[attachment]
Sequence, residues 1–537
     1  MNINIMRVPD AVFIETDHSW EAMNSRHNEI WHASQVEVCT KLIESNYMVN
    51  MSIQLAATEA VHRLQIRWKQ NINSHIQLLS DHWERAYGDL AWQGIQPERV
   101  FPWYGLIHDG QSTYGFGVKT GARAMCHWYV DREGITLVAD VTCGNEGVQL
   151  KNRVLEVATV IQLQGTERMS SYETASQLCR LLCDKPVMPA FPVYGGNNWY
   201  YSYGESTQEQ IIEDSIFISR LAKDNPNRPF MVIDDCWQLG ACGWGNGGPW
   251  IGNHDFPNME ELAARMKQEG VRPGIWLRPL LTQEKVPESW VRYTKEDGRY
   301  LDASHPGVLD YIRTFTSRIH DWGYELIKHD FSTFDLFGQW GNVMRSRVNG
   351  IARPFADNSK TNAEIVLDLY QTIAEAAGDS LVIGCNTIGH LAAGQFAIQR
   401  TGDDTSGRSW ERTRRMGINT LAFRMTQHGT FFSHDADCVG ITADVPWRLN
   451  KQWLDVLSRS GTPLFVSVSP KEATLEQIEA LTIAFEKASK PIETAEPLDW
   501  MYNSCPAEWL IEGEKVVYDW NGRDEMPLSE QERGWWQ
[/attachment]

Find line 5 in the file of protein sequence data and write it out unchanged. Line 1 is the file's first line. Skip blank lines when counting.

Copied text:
   151  KNRVLEVATV IQLQGTERMS SYETASQLCR LLCDKPVMPA FPVYGGNNWY